On the Estrada matter, Chico, an attorney, said that because "the vast majority of Hispanics are not conservative," and because Estrada "was out of the mainstream," he should not be appointed. Does that mean a gay nominee for judge, who is out of the "sexual orientation" mainstream, since gays are a minority of the national population, should not be appointed? Alderman Manny Flores (1st), an attorney, had a contrary view: "(Estrada) was well qualified. We need more Latino (federal) judges."

Chico's campaign is going nowhere fast.

Metropolitan Water Reclamation District commissioner: The election of Mexican-American engineer M. Frank Avila, of Edison Park, as commissioner in 2002 made him Cook County's highest ranking Hispanic official. A federal lawsuit filed by Avila's son, attorney Frank Avila, prompted appointed MWRD Commissioner Marty Sandoval, who also is Mexican-American and who was running simultaneously in 2002 for both commissioner and state senator, to drop his candidacy for the former office. Without the slated Sandoval on the ballot, Avila managed to finish third in a nine-candidate field and win one of three Democratic nominations. He then was elected easily.

For 2004, the terms of three incumbent MWRD commissioners, Gloria Majewski, Patty Young and Barbara McGowan, expire. McGowan is black. Avila is circulating petitions to run, as is Barrett Pedersen, the Leyden Township Democratic committeeman; Dean Maragos, an attorney who lost a run for 44th Ward alderman in 2003; Xochi Flores, who resides in the 1st Ward; black attorney Lewis Powell, who is supported by U.S. Representative Danny Davis; and Brendan O'Connor, an attorney in the 40th Ward who is backed by Alderman Pat O'Connor. As always, the gender, ethnicity and ballot positions of the candidates are critical in this low-visibility race.

Recorder of Deeds: Incumbent Gene Moore, who is black, was appointed to replace Jesse White in 1999, and he won his first full term in 2000. Moore was unopposed in the 2000 Democratic primary. Frank Avila also is passing petitions for this race. He cannot run for two countywide offices concurrently, but it's sound strategy: Moore would have to spend plenty or time and money to beat him so, if Moore wants to get Avila out of the recorder's race, he (and his fellow black committeemen) will have to push Avila for one of the water district spots. Alderman Ed Smith (28th) also is circulating petitions. It is unclear why Smith, who is black, wants to oppose Moore, but if two prominent black candidates ran, Avila would have a great chance to win.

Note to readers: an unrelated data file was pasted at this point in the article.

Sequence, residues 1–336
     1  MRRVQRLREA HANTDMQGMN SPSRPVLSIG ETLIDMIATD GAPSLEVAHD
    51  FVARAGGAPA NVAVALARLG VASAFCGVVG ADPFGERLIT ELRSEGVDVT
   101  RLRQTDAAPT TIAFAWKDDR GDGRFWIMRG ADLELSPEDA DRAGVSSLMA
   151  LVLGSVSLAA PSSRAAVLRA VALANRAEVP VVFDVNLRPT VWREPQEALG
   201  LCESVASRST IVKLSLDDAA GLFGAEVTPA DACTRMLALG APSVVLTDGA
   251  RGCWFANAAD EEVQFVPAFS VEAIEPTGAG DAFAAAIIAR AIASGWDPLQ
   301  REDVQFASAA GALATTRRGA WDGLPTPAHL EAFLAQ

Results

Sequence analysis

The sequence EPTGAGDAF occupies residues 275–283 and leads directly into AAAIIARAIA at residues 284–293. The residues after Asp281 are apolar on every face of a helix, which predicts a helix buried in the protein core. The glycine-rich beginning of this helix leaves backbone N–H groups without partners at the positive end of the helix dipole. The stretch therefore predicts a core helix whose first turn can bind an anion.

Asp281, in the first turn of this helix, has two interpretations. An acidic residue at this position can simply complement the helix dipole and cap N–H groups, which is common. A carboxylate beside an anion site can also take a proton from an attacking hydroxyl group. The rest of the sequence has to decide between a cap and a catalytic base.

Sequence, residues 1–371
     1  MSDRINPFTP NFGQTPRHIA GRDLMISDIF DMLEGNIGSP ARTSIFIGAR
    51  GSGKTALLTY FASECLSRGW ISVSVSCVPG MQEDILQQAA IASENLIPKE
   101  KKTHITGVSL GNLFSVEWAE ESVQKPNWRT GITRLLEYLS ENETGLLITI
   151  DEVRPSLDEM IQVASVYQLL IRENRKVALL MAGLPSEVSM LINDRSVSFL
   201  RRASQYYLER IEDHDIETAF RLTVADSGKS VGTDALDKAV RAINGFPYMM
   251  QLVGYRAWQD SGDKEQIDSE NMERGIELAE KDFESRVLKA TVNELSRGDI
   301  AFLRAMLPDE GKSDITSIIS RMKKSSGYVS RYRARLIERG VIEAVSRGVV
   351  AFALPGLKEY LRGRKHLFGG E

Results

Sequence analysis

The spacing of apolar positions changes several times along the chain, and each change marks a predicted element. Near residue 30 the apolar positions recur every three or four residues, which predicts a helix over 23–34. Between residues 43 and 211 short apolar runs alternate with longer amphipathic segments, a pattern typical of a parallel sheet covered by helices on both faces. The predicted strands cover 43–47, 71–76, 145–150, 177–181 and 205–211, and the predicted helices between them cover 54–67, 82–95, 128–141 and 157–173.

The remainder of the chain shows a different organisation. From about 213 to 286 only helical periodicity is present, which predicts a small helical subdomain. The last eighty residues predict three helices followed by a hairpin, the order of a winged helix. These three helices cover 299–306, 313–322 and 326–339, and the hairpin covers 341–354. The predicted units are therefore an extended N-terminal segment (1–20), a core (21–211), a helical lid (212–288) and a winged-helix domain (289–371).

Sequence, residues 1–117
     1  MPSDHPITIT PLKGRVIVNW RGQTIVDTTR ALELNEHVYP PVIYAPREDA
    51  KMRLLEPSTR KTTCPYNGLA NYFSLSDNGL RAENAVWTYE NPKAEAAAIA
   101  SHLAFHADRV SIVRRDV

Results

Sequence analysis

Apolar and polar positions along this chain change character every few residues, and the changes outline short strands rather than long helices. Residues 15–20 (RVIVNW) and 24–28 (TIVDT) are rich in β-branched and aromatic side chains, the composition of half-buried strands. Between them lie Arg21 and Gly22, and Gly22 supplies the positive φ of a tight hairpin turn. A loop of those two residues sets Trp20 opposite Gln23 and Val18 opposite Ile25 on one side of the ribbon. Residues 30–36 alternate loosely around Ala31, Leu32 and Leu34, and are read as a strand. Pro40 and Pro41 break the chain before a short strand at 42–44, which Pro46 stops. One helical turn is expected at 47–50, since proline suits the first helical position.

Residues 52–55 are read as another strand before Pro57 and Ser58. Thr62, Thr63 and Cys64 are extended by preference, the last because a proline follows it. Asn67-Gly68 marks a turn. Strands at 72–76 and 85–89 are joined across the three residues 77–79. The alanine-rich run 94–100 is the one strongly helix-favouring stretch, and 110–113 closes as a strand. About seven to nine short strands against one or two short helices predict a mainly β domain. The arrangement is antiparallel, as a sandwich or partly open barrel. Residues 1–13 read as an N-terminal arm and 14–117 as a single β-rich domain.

1st Ward (Democratic Committeeman): A federal lawsuit filed by Avila to invalidate the city’s two-year residency requirement for aldermen was instrumental in getting Manny Flores on the ballot, and Flores beat HDO-backed incumbent Jesse Granato in an April runoff. Now Flores is running for committeeman, but Granato abruptly resigned in early September, and was replaced by U.S. Representative Luis Gutierrez (D-4), who was once committeeman and alderman in the 26th Ward. The HDO was supposedly backing State Representative Cynthia Soto (D-4) for committeeman, but Gutierrez is making noises that he wants to run in 2004 to keep the post. If Gutierrez runs, the HDO will back him, as he is a close mayoral ally.  Ironically, Soto ran against Granato for alderman in 1999, and lost by just 360 votes; she was elected to the legislature in 2000. This much is clear: HDO does not want Flores to be committeeman, and Gutierrez has a better chance of beating him than does Soto.